TITLE: Effects of Exercise on Fluid Balance Instability in Heart Failure Patients BACKGROUND / RATIONALE: Heart Failure (HF) is a significant healthcare concern in the US with a 120% rise in mortality rates over 15 years costing the country an estimated $37.2 billion in 2009. Veterans are currently impacted at a rate of 5.2% and a cost an average of $14,959/individual/year for those utilizing the Veteran Administrations Healthcare services. Research has shown that exercise training (ET) improves aerobic capacity, endothelial dysfunction, quality of life, and the ability to tolerate activity within the overall HF population. Animal models have emerged to explain some of the underlying mechanisms for the pathologic expression of symptoms and the links to ET, including plausible links between endothelial dysfunction, fluid instability, and the role of ET. A translational link has not yet been explored between the animal models and human symptom expression. OBJECTIVE(S): The long term goal of this research program is to develop an exercise training (ET) program that effectively decreases fluid shift variability in heart failure (HF) patients, while being safely implemented in the home environment and remotely monitored by a healthcare provider within a nurse lead HF Clinic. The purpose of the proposed research project is to determine if ET alters fluid status of patients with HF as compared to those under standard treatment of care. The central hypothesis is that a combined weight-bearing aerobic and resistance ET protocol will reduce (stabilize) 24-hour weight and bioelectrical impedance patterns of variability as evaluated via mixed-effects regression modeling greater than any other form of ET protocol. METHODS: Design: Using established experimental design techniques implemented in an innovative manner, a between group design will be used within the experimental arm employing a single subject, multiple-baseline design. The use of such technique will allow for the subjects to be their own controls while also allowing for statistical group comparisons. Subjects and Setting: 60 subjects meeting inclusion/exclusion criteria will be recruited/enrolled from the VA HF Clinic and outpatient VA cardiology clinics within 50 miles of Augusta. Subjects will then be randomized to the exercise or usual care groups. Interventions and Procedures: The exercise protocol will last 12 weeks. Subjects will be randomized to order of ET. Weight-bearing aerobic ET will be walking on a treadmill, non- weight-bearing aerobic ET will be stationary bicycling, and resistance ET will be lower body isolation ET. Fluid stability is the concept of day to day variability of movement of intra-cellular fluid to extra-cellular space. Fluid stability will be assessed using 24-hour weight and bioelectrical impedance and quantified statistically. Data Analysis: Statistical analysis will utilize a longitudinal mixed-effects regression model, modeling variability over time for the subjects individually, as well as, within groups.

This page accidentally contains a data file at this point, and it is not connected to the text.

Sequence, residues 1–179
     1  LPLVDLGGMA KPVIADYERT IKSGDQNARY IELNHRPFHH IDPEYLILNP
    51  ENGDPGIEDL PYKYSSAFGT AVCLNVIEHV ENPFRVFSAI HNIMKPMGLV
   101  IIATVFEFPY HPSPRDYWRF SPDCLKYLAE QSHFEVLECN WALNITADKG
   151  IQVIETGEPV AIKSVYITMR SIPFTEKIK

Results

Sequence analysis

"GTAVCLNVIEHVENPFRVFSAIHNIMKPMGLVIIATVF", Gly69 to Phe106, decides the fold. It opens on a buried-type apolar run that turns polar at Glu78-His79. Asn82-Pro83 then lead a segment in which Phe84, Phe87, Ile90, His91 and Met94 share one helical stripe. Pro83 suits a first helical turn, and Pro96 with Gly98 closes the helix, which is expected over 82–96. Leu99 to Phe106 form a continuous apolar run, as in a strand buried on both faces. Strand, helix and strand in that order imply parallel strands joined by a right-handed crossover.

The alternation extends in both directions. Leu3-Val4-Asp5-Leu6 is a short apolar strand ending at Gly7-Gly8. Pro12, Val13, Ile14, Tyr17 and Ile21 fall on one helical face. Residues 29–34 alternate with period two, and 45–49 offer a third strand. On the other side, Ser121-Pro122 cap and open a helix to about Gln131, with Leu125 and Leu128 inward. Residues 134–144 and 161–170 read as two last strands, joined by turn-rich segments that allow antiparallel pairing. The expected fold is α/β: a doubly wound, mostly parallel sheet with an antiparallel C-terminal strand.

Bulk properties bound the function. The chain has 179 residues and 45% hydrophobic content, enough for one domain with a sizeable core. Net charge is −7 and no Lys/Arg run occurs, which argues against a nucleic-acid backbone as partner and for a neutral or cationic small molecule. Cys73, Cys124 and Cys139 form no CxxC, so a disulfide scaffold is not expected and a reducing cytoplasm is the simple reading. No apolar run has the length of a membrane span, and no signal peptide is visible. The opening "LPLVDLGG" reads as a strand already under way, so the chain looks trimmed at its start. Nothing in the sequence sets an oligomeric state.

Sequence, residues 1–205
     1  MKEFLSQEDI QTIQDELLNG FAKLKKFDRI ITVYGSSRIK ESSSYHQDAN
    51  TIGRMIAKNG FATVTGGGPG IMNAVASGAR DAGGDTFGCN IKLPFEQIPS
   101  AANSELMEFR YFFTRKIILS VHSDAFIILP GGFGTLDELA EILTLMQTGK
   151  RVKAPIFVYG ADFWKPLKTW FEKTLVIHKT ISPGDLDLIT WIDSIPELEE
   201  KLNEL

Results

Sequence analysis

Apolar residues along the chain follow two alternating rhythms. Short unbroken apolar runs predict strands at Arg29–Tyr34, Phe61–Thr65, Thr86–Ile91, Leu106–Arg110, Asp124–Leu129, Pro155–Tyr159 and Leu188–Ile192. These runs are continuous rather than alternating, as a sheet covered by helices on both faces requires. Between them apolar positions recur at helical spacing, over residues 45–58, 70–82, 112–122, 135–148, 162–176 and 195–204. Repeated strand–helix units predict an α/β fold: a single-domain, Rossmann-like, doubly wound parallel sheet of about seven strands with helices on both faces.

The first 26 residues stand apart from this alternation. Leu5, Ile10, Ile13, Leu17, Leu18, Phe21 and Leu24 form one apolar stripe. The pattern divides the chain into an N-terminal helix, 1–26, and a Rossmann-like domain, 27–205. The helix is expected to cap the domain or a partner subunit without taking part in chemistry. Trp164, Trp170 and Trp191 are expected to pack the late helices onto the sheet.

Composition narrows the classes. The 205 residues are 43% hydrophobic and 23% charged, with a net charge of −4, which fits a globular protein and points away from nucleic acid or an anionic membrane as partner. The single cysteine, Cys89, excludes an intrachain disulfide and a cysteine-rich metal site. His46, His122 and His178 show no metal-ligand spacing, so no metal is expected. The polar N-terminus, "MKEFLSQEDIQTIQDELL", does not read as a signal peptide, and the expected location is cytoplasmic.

Statement - Relevance to VA Healthcare Veterans currently are impacted by heart failure (HF) at a rate of 5.2% costing an average $14,959/ individual/year for those utilizing the Veteran Administrations Healthcare services. A VA-QUERI was launched and resulted in a set of continually evolving goals regarding both research and clinical practice for HF. These QUERI goals are reflected in the proposed project as the incorporation of exercise into HF patients'daily lifestyle has been shown to effectively improve multiple aspects of their health as well as their quality of life. Innovative approaches to the medical management of this complex and burdensome disease are needed as veterans with HF are growing each year with the improvement in the medical management of myocardial infarctions and the aging of the baby boomer generation. Exercise training and physical activity will be a key component in both the prevention of and the medical management of HF.